The Journal has more bad news on the banks and some top-notch analysis that cuts through the government line on TARP.
It reports that lending by the nineteen biggest TARP recipients is down 19 percent since the Treasury implemented the program six months ago.
And—sit down before you read this— the government has been fluffing up the numbers:
The Journal’s analysis paints a starker picture of the lending environment than the monthly snapshots released by the government and is a reminder of the severity of the credit contraction. One reason for the disparity: The Treasury crunches the data in a way that some experts say understates the lending decline.
By more than double, at least in February:
Using the same raw data, the Journal’s analysis focused on the total amount of new loans by the 21 banks, a more comprehensive measure. In February, that total fell 4.7% from January, more than double the government’s estimate of the decline in the median.
The total decline in lending from October to February was 19 percent by the Journal’s tally. Even worse for the economy, the WSJ calculates that commercial lending by the big banks plummeted by 40 percent between October and February. That means the folks that do the hiring aren’t getting money to start or expand businesses.
Though the Journal is excellent to follow that point with information that undermines it. Lesser reporters wouldn’t have made this connection:
One factor that may have depressed commercial borrowing is a partial thawing of bond markets, where some big companies raise money instead of borrowing it from banks. About $70 billion of corporate bonds were issued in February, up from $21.4 billion in October, but still only about half the level of last May, according to Thomson Reuters.
And I didn’t quite understand the Journal methodology on the first pass-through, but it helpfully explains it down low giving a concrete example:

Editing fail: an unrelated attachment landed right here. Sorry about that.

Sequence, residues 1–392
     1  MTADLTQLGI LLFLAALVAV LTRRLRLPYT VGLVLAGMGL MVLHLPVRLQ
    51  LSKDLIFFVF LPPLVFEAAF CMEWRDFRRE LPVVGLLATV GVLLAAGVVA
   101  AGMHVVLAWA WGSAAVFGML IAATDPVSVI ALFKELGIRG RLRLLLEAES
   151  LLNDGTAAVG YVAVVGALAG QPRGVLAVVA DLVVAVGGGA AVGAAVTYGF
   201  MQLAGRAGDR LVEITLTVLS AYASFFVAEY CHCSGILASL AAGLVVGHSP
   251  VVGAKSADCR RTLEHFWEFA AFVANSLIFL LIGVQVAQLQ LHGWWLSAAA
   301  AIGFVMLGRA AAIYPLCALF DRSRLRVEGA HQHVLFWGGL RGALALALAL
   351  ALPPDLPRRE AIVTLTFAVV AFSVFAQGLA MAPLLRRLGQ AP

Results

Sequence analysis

The Treasury’s conclusion that lending has dropped only modestly is partly the result of its focus on the median monthly change at the top banks, rather than the change in average or total lending. Thus, for the month of February, the Treasury based its report on the 2.2% drop in loan origination at PNC, which fell at the midpoint of the 21 banks that the Treasury surveyed.
And it gives time to those who—unconvincingly, but not without merit—defend the Treasury’s methods:
Statisticians sometimes use median figures to avoid having data distorted by outliers on either end of the spectrum. Treasury officials have been concerned about the month-to-month volatility in the bank data and are still developing how best to present it.
Tom Fullerton, an economics professor at the University of Texas at El Paso, defended the use of the median, citing the monthly volatility in bank-lending data.
But other experts say the average would provide a more accurate measure lending. Economist David Boyum says using the median does not answer the fundamental question: “What has happened to overall lending?”
The point is: Overall lending by the bigs has been much lower than the government has said it’s been, and the Journal does an excellent job figuring it out and carefully presenting the information. It also gives nice context, noting that the numbers would be even worse without the TARP funds and writing that these numbers mean it’s less likely that the government will let those itching to repay the money do so.